I am a British citizen who is waiting for a French visa (long stay, talent passport). Am I able to work remotely (from the UK) for my French employer while I wait for the visa to come through?

(I think the answer is yes because I have the right to work in the UK)

If yes, can you provide anything online that confirms this so that I can show to my French employer?

  • 1
    It may not only be your right to work, it may be that they don't have the right to employ.
    – littleadv
    Commented Feb 20, 2023 at 9:38
  • So for many professions, the company needs to prove that they have tried to hire locally (job advert online for 3 weeks or something like that) but I don't think this applies to me (fixed term research contract)
    – Jack
    Commented Feb 20, 2023 at 9:54
  • 3
    I think that the French employer is not even able to establish a legal work contract if you don't have a valid French work permit, that is why they want to wait that your talent passport is issued. Trying to convince them they are wrong might be challenging.
    – audionuma
    Commented Feb 20, 2023 at 10:03
  • @audionuma - interesting! I'm mostly just interested in finding out the answer. I thought it was possible because the first person I asked said it was possible. The fact there is different opinion on here suggests its not an obvious answer :(
    – Jack
    Commented Feb 20, 2023 at 10:08
  • 1
    @Jack Unfortunatly, the rules/laws for remote working is very underdeveloped. Commented Feb 20, 2023 at 10:10

3 Answers 3


In a cross-border employment relationship, beyond visa/work permit issues, there are also issues with social security/national insurance and with taxation.

If you live and work in the UK, to be employed legally, you need to:

  • Have the right to live in the UK - no problem, you’re a British citizen
  • Have the right to work in the UK - ditto
  • Have your employer be registered with HMRC
  • Have your employer declare your employment to HMRC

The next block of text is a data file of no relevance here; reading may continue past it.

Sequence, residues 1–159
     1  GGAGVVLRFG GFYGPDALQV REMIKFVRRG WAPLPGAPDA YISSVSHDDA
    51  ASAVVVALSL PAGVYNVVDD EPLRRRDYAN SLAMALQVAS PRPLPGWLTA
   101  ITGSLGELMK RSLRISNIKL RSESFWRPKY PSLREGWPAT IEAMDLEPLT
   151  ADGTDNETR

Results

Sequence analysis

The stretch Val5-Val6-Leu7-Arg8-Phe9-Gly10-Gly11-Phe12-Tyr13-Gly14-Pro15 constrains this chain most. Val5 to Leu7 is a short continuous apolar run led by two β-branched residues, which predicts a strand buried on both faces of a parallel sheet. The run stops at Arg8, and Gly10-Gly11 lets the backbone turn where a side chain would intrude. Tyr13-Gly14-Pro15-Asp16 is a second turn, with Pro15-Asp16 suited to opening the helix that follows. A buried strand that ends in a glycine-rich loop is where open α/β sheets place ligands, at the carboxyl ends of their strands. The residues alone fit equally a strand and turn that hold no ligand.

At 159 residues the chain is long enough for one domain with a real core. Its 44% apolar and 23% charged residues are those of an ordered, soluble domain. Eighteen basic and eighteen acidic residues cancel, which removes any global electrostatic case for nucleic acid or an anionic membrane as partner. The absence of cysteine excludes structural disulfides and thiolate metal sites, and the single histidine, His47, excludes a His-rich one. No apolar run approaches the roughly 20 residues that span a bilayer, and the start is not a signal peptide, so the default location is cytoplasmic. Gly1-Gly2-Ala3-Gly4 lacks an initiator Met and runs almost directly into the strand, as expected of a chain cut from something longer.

• Have your employer file PAYE returns, deduct NI and taxes from your wages, and pay them (and their own share of NI) to HMRC.

Unless your employer already has a subsidiary/branch in the UK, I doubt they would be willing to go through the hassle just for you.

What usually happens in such situations is that you are not employed, but under a freelance contract: you register as a sole trader, file and pay NI and taxes. Instead of receiving a salary, you send invoices to your customer (not employer). Note that depending on the amounts you may also need to register for VAT, collect VAT, file VAT returns, and pay VAT to HMRC. Depending on the situation it could also make sense to register a company rather than as a sole trader.

The UK have however rules (IR35) to prevent people who are in practice employees (they have a single “customer” who is really their employer) to act as sole traders, not sure how that works in cross-border situations.

There are also alternatives with companies that act as intermediaries (so you have a short term contract with that company, and they in turn invoice the “customer”). See “portage salarial” in French or “umbrella company” in the UK.

In any case, someone will have quite a bit of paperwork and admin to do, so it’s probably not worth the effort unless you expect it to last months.

  • Thank you! This is useful for future reference :) For the moment, I will just wait for the visa (should only take 2 weeks) and delay the start date of the contract. (Apart from actually needing the visa in the first place) Would this situation have been much easier before brexit?